Saipan Crew Conquers New Task
Story Number: NNS040512-05
Release Date: 5/12/2004 9:33:00 AM
By Journalist Seaman Sean Spratt, USS Saipan Public Affairs
NORFOLK, Va. (NNS) -- When USS Saipan (LHA 2) is involved in a refueling at sea, the ship is normally on the receiving end, taking lines and wire from an oiler. But during the ship's most recent underway period in early April, Saipan's crew became the supplier during a refueling at sea with USS Underwood (FFG 36).
Even though it hadn't happened in five years, Saipan Sailors were well-prepared, having trained several times for this evolution.
"The ship and crew went through the in port (under way replenishment) ship qualification trials in preparing for this specific event," said Master Chief Boatswain's Mate (SW/AW) Godfrey M. Greene Jr., deck department's leading chief petty officer. "Saipan attained the qualification in February while training with USS Trenton (LPD 14)."
Although the crew uses the same standard equipment for receiving and sending fuel, the similarities end there.
"One immediate difference is the probe," said Chief Boatswain's Mate (SW/AW) Reginald Sherrod, 2nd division leading chief petty officer. "When we receive fuel, we get a double probe and, when we send fuel, we send a single probe."
As the ship sending the fuel, the primary responsibility for rig control rests squarely on the shoulders of Saipan's crew. This was quite a challenge for a group of Sailors performing this mission for the first time. Their primary concern was the safety of ship and personnel, as well as controlling the tension span wire and saddle whips that support the fuel hose and probe.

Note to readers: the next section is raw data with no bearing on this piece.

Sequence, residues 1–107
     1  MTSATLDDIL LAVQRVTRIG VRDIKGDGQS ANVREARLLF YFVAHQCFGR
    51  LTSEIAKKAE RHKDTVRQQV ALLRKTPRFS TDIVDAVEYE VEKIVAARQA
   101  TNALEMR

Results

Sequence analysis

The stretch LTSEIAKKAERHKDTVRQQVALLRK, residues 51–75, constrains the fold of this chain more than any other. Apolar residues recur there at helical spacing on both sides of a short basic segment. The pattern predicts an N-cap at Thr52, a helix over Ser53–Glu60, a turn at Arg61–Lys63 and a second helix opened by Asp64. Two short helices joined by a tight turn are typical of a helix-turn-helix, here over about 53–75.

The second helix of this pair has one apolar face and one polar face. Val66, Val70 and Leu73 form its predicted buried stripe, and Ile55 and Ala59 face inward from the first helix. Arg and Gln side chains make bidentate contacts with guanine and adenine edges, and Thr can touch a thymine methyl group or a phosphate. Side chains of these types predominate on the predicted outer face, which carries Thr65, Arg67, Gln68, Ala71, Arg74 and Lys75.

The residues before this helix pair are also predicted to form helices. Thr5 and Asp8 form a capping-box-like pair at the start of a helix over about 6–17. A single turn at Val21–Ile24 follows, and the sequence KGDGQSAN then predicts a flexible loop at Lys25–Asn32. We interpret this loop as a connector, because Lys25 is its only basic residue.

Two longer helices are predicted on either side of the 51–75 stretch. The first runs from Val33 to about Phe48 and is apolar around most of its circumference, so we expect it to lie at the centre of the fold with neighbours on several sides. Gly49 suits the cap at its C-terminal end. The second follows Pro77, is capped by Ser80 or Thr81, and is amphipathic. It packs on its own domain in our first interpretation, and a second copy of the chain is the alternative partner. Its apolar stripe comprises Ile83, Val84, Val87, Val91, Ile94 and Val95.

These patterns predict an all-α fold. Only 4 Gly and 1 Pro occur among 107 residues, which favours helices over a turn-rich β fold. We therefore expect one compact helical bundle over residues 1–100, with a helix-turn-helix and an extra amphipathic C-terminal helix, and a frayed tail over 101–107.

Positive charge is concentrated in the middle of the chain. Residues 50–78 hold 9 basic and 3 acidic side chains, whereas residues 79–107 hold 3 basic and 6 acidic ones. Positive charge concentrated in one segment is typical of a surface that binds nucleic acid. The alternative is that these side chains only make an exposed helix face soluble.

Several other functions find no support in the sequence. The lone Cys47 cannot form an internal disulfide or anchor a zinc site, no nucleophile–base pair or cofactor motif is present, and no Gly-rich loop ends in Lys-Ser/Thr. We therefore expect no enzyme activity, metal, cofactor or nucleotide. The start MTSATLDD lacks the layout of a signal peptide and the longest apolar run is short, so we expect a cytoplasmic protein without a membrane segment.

"Prior to getting under way, we had a NAVSEA [Naval Sea Systems Command] representative who assisted deck and engineering departments in training, as well as assisting in fine-tuning the equipment," said Sherrod. "He was also there to train our winch watchers and winch operators to make sure they were operating equipment in accordance with operating instructions."
Greene complimented deck department for stepping up to the challenge and excelling at the new task. He also mentioned it took the help of the engineering department to make this complex event a success.
"They all did a superb job at completing the task," said Greene. "We are gearing ourselves to continue to do this evolution more in the future."
Saipan is preparing to deploy as the centerpiece of the Saipan Expeditionary Strike Group (ESG) later this year. As the largest ship in the group, Saipan may be called upon to perform this mission during her deployment, replenishing the other surface combatants that make up the ESG.
|Join the GlobalSecurity.org mailing list|